Tragic toddler Daniel Grant (2) killed by blind cord
A two-year-old boy died just minutes after his neck got tangled in a rollerblind cord, an inquest heard.
The tragic accident happened as toddler Daniel Grant played with his older sister in the family playroom while his father and other children watched television next door at their home in Mayobridge, Co Down.
Little Daniel's accidental death during what was described as a "normal" family Saturday tea-time on February 23, 2013, is believed to be the second reported incident of its kind in Northern Ireland.
Now an awareness campaign aimed at parents, grandparents and childminders to highlight the dangers posed by blind cords to toddlers has been launched by the Royal Society for the Prevention of Accidents Northern Ireland and the Public Health Agency.
The little boy's distraught father Brian yesterday urged parents to take immediate action to ensure their home was safe from potential blind cord dangers.
He had described his second-youngest child as "everything that we could have wished for" and talked of how his "very happy, healthy wee boy" loved helping him plant flowers and young trees around the family's farm.
Speaking after an emotionally-charged inquest at Armagh Courthouse, the father-of-four said: "Never in an instant did we think that blind cords could take our wee Daniel.
"Our house was always protected and very safe with fences and gates.
"We did everything possible that we knew of to keep our children safe. But to to think something as a simple cleat could have saved wee Daniel's life.
"Now my wife and I would advise people to take action – don't put it off until tomorrow. Take action today to get blind cords safely attached to the walls."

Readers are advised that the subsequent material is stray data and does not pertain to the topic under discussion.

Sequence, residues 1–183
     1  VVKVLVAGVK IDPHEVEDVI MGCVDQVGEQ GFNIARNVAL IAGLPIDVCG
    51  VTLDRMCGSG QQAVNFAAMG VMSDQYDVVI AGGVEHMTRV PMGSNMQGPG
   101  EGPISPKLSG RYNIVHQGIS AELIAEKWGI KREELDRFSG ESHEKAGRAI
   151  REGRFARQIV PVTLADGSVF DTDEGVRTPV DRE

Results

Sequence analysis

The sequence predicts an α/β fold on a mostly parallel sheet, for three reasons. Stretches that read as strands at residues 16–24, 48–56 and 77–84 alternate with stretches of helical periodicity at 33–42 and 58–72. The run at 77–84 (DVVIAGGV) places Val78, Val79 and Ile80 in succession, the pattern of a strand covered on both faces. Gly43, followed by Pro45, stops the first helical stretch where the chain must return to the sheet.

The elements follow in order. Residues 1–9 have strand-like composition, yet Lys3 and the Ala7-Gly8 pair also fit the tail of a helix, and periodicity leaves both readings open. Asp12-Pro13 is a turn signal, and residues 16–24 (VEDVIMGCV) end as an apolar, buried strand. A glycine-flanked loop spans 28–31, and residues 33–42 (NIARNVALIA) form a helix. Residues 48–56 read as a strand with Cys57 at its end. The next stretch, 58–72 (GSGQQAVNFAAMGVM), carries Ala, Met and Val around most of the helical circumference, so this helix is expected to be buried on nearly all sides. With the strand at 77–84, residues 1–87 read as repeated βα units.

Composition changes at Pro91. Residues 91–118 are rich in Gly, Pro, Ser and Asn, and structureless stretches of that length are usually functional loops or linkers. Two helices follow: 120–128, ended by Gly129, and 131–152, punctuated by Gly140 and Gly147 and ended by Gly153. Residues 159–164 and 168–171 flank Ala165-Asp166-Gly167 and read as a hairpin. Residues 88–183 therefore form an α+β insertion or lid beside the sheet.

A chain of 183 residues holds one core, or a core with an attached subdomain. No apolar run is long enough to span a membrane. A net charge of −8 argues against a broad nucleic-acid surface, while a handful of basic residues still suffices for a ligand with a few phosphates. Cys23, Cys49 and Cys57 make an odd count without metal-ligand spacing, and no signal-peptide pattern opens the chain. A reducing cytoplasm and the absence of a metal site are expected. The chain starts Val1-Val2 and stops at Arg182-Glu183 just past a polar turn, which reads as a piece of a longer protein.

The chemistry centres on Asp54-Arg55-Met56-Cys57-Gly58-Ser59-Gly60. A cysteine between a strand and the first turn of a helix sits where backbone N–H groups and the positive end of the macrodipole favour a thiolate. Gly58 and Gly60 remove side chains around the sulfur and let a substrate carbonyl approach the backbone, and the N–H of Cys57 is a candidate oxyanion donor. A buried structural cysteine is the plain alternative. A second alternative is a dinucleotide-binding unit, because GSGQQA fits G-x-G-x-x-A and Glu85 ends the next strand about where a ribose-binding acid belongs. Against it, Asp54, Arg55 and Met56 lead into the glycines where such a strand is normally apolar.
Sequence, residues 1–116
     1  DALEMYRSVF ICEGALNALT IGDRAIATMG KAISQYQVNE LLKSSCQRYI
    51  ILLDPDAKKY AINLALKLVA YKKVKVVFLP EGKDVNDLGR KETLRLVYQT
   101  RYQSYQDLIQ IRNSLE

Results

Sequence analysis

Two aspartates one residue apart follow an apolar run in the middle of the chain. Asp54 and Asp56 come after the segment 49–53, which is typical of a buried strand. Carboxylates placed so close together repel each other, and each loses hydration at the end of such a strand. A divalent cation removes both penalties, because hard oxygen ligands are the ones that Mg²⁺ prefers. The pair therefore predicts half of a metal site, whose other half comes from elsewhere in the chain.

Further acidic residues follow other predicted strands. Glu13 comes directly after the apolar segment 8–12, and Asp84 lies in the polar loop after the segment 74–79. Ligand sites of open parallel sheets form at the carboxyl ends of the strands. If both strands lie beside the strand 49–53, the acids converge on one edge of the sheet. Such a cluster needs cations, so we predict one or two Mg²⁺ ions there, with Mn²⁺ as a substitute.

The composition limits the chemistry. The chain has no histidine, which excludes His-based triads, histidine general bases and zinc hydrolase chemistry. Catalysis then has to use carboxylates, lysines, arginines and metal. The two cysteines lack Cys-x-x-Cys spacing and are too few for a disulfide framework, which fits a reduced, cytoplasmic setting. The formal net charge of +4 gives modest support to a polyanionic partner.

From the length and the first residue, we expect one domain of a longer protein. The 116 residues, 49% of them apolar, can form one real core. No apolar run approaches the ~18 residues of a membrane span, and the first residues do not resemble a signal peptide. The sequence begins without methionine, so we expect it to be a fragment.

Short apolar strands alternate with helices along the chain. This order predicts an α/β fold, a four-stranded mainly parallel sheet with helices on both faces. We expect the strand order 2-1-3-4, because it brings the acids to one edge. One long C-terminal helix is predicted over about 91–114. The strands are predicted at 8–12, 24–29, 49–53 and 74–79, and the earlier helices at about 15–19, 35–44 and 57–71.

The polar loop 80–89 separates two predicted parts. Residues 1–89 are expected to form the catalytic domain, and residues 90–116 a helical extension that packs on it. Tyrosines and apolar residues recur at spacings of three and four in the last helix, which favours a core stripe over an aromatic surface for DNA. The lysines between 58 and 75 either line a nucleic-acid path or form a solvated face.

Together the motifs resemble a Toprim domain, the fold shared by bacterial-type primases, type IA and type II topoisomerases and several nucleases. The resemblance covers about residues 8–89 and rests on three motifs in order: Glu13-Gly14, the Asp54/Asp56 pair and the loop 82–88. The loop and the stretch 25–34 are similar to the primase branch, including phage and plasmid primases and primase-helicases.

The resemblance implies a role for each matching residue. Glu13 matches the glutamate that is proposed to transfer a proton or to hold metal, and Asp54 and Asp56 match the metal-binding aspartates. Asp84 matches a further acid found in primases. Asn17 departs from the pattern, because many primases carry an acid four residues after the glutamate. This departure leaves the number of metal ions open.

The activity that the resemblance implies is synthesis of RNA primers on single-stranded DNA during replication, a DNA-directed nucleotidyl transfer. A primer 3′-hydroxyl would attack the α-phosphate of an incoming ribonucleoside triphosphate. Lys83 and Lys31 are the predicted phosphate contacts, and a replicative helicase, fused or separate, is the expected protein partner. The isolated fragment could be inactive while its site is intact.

Daniel and his older sister Niamh had been playing at the Bavan Road home in the room adjacent to where Mr Grant was, and the door was left open.
The father had just checked on the two children minutes before his daughter ran in and called on her Daddy to "come quick", just as his mother Paula arrived home from work.
It was initially thought that Daniel somehow climbed onto the window sill. However, Mr Grant said in his evidence to the inquest that he didn't believe his son would have done that, as he was a "cautious, careful child".
"We will probably never know how exactly this happened," Mr Grant said. "But we never knew Daniel to climb up on the sill before." The inquest heard that Daniel's parents were found trying to perform CPR on their son when the rapid response paramedic arrived within nine minutes, but he had no pulse or heartbeat.
The boy was taken to Daisy Hill Hospital in Newry, where he was later pronounced dead.
Mr and Mrs Grant kindly donated their son's four heart valves just after his death, which were sent to help patients throughout the UK.
One minute he was playing happily... the next his frantic dad was trying to save his life
A "normal" Saturday tea-time at home turned into every parent's nightmare. A two-year-old boy died just a short distance from his watchful father as a rollerblind cord became a killer.